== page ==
You fill the air with words, so that instead of saying something as brief as "my grandfather lived in France" you start blabbing.
"My relatives on my father's side two generations back used to reside in France." You use 'backside' instead of 'back' and the wrong conjugation of the verb reside. And if you don't cut yourself off, you sink into even deeper mires of wordiness.
That's what the last week of NaNoWriMo felt like for me. There were certain scenes I knew I needed, but every time I drafted them they came out shorter than intended. I know the book will grow when I go back to add everything that's missing from the drafts (namely any and all description and dialogue tags - the thing looks like an overblown screenplay at the moment), but for now I feel like I've staggered across the finish line, and just want to catch my breath.
I've got a couple of pages still to type up. Then I've got to turn back - and edit Out of the Water based on beta reviews. It feels like a lot of work but hopefully won't require much stress. Or should it? Is a novel not worth it unless all your blood, sweat and tears goes into it at each stage?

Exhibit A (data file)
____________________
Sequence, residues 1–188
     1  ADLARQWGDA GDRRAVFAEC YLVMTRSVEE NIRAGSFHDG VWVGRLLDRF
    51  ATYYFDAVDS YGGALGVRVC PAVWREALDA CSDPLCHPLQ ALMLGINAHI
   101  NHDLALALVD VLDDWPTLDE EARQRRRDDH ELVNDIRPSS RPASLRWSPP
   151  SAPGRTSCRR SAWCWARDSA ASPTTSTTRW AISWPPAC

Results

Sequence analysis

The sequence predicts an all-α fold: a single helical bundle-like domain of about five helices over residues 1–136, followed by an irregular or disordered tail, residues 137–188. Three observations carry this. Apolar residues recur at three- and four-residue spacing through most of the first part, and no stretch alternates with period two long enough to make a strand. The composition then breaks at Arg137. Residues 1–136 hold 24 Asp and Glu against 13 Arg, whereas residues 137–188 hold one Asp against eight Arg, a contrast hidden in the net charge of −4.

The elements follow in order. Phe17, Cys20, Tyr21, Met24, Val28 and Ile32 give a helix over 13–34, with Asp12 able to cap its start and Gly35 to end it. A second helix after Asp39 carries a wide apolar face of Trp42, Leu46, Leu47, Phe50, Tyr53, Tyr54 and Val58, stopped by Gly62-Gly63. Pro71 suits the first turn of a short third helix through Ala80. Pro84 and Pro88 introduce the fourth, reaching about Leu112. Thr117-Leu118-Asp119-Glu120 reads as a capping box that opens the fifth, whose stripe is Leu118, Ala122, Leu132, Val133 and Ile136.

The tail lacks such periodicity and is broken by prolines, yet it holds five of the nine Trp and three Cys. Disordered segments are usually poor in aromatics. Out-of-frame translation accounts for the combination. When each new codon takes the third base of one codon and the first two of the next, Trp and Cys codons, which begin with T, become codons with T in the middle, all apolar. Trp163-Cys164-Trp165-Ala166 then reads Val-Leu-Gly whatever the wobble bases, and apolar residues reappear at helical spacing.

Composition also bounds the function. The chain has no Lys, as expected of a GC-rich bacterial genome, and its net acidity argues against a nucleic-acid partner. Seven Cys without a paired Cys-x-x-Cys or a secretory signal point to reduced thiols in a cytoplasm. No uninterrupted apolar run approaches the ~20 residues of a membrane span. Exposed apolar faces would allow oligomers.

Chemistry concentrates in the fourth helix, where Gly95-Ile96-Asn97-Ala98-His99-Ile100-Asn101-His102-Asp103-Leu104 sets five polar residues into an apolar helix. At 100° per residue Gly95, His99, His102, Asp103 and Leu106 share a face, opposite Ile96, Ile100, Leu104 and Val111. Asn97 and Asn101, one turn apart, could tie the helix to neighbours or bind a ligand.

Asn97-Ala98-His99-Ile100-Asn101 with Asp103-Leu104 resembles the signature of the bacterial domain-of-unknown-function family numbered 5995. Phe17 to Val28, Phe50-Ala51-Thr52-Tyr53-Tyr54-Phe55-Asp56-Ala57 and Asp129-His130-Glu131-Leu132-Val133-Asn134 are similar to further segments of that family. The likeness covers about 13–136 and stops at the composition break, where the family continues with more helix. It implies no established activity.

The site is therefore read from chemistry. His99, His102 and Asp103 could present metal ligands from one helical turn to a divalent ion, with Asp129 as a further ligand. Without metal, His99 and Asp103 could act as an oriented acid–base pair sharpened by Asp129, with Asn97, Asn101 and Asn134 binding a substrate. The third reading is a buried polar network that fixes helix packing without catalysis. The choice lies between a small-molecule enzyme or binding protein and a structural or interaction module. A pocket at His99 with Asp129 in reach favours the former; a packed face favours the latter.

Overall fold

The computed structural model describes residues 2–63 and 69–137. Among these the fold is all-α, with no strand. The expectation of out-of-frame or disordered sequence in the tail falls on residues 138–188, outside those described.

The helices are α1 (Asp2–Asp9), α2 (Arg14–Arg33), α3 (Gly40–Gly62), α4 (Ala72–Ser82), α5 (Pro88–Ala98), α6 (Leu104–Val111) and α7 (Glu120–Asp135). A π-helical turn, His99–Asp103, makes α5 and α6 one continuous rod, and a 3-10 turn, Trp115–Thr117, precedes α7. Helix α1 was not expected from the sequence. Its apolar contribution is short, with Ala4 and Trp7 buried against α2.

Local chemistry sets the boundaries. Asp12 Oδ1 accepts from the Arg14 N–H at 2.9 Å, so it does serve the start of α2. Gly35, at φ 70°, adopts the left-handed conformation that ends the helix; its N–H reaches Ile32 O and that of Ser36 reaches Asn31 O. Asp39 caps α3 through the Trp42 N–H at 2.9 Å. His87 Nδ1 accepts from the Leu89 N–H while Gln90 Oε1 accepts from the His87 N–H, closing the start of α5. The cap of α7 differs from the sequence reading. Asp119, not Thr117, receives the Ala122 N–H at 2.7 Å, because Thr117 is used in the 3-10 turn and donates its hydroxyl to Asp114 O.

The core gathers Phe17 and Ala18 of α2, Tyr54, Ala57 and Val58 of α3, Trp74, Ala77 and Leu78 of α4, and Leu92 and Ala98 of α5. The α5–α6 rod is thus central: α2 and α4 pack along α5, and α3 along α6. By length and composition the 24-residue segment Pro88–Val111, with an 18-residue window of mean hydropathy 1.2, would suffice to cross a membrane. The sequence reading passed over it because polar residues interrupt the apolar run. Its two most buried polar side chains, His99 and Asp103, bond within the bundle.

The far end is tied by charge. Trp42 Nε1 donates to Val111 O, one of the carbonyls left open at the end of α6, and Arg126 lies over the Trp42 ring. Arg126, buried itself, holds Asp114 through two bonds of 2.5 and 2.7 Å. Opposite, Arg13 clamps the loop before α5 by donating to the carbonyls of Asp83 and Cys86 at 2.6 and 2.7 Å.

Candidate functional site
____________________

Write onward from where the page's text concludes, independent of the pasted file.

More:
Author Sam Sykes had a morale-boosting take on why writers shouldn't despair, just this week: "Your writing moves the way it does. You can nudge it along, you can try marketing techniques, you can try holding your breath and whistling Dixie if you think it'll make your moustache grow quicker. But the only way to succeed at being a writer is to write, no matter what else happens."
For now, I've got this:
Meanwhile, it's Mark Twain's 176th Birthday and Google has a Doodle:
And the awesome Claire Legrand is hosting a giveaway to celebrate the announcement of her second book!
How did everyone else do? And if you're not doing NaNo, where are you on your ROW80 goals?